Things to know when traveling around in Dubai:
1. Their metro system is the most accessible train system I’ve ever seen. It is clean, it is wheelchair accessible, and the bathrooms inside the stations are functional, immaculate, and wheelchair accessible as well. Unlike a lot of the elevators in D.C. and NYC, the elevators are not hidden at the end of a platform or in an obscure corner. They are often located right in the middle of the platform. Due their high visibility, this also means more able-bodied people use them and these able-bodied people were not very yielding when they saw a person in a wheelchair needing to use them.
2. The buses are also wheelchair accessible. Although, I didn’t use them as often because the trains are faster and most of the touristy places I needed to go had metro stops.
3. I heard from a local wheelchair user who I met inside the trains that individuals with disabilities who have a UAE ID card can ride the metro and buses for free. And they can ride the taxis for half-price. He said this service is not granted to tourist with disabilities, though.
4. Despite the accessibility of its transportation system, there are a lot of stores and restaurants that have a step or several steps leading into them, especially in the older side of Dubai.
5. Dubai is a city of amazing wealth just by looking at its various infrastructure and tourist sights. Unlike in Cairo and areas of Lebanon I traveled to, I don’t think I saw a single street person while I was wheeling around Dubai and Abu Dhabi.
6. The gender roles and stereotypes are very much emphasized and held tightly in the Middle East, but I actually met a female manager inside the Louvre in Abu Dhabi. She was very sweet and diplomatic. I normally wouldn’t make a note of these things, but I interacted with so few women in public on an one-on-one basis when I was in the Middle East that it is worth noting. All my taxi drivers were men. All the people I interacted with when going through security at the airport were men. The women patted me down, but they had no decision-making power whenever something unclear came up and a judgement call needed to be made. Men were in public places smoking and airing their political thoughts. With the exception of the UAE, women were either hidden in niqabs and hijabs and/or were quietly following alongside their husbands. Perhaps it was due to its diversity, but the gender roles and patriarchal culture was not as prominent in Dubai.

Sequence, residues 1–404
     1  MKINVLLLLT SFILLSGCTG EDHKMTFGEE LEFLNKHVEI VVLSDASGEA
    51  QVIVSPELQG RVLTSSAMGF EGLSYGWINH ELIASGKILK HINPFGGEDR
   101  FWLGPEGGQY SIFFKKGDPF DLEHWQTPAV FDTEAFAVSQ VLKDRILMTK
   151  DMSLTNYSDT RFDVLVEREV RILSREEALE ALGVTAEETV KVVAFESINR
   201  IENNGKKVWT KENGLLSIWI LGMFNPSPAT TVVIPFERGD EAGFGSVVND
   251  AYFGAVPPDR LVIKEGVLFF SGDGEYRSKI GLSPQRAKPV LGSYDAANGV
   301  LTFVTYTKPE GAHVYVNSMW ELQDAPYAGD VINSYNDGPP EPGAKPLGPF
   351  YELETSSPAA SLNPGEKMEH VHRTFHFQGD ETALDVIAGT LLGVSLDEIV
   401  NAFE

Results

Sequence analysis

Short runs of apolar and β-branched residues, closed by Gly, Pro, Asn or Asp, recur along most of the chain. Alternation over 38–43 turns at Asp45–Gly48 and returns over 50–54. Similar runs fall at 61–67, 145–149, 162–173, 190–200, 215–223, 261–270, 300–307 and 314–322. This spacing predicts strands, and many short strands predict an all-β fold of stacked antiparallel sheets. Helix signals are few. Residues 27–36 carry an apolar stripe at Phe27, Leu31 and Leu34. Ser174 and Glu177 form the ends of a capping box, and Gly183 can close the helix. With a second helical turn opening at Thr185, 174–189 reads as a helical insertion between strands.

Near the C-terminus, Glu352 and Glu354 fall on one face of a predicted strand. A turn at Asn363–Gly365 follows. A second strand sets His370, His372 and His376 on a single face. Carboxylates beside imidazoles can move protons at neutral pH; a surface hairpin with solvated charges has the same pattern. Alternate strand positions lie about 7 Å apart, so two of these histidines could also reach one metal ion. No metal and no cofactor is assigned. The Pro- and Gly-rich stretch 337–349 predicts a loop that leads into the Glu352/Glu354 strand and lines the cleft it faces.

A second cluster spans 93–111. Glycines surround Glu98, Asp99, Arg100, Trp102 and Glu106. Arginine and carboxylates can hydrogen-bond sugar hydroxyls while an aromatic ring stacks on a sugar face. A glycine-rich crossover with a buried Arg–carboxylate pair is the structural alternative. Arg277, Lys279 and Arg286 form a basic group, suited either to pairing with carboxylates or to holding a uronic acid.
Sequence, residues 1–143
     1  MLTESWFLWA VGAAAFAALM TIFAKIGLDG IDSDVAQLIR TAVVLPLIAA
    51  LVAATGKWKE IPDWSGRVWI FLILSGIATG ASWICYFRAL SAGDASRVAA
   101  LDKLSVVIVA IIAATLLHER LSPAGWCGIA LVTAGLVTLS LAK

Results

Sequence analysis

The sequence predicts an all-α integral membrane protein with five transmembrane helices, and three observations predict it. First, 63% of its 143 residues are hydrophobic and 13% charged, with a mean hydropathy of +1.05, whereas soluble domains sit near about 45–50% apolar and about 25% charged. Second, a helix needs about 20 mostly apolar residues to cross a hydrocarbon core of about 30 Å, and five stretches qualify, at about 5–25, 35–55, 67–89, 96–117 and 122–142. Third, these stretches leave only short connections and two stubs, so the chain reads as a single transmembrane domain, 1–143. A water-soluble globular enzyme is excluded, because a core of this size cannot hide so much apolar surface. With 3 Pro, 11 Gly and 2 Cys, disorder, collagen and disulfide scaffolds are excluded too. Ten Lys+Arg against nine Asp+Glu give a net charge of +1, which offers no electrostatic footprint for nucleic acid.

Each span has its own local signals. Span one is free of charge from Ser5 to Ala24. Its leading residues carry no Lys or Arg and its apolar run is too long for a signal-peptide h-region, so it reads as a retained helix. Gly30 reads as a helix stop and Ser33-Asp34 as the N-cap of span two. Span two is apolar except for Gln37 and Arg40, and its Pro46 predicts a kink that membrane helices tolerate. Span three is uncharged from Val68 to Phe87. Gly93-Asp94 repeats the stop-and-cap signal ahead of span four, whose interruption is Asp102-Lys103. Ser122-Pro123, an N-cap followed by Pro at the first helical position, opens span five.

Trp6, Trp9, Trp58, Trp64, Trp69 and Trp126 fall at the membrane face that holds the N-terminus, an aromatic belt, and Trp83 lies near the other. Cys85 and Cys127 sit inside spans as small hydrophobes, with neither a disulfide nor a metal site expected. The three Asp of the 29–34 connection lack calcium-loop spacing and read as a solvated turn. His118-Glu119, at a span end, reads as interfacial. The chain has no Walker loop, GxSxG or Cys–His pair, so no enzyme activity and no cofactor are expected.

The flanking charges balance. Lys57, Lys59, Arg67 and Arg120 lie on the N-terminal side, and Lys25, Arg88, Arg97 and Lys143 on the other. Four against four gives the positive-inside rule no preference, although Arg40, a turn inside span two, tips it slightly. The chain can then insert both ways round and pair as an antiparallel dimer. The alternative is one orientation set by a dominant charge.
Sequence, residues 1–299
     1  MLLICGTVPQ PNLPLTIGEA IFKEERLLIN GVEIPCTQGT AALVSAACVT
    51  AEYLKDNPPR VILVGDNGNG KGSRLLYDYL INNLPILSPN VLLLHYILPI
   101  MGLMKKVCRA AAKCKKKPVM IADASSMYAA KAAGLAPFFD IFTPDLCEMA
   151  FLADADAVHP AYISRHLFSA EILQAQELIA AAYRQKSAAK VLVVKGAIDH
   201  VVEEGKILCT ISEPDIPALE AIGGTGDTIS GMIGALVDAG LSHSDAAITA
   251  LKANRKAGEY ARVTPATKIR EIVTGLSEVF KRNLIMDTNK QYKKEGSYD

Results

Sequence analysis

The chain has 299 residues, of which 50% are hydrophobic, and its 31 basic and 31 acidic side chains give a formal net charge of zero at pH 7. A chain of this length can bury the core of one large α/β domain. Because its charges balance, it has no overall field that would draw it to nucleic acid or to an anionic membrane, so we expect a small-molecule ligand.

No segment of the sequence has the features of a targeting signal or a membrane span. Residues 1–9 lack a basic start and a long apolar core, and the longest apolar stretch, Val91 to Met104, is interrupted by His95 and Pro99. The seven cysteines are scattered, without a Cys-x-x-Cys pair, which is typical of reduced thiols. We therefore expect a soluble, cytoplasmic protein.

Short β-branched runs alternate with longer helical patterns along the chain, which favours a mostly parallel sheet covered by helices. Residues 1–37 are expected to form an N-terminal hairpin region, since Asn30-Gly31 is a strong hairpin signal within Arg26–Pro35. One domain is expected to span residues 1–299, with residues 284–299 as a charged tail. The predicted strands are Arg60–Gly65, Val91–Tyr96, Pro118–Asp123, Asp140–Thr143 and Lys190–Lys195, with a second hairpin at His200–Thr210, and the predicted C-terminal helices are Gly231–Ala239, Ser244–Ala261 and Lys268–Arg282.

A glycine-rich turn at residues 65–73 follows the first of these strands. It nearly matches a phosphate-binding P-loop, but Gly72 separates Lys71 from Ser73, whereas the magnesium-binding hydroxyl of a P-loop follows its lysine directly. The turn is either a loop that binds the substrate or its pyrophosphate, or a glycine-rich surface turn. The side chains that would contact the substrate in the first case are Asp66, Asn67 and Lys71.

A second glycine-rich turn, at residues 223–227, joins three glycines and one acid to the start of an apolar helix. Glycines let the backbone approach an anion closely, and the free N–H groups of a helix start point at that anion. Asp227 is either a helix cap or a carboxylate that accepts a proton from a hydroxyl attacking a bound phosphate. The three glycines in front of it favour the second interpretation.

7. They call people with disabilities “people if determination” in UAE. I find this amusing and slightly empowering. I’ve never been a fan of the word “disabled”. Just because I am different doesn’t mean I am a “dis” or not abled.
8. The population is very diverse, with many people coming from Southeast Asia and Africa, and most are quite fluent in English.
For a piece land that use to be nothing at all, Dubai has become an architect’s paradise with its stunning skyline. If you like amazing skyscrapers and high-end shopping then Dubai is the city for you!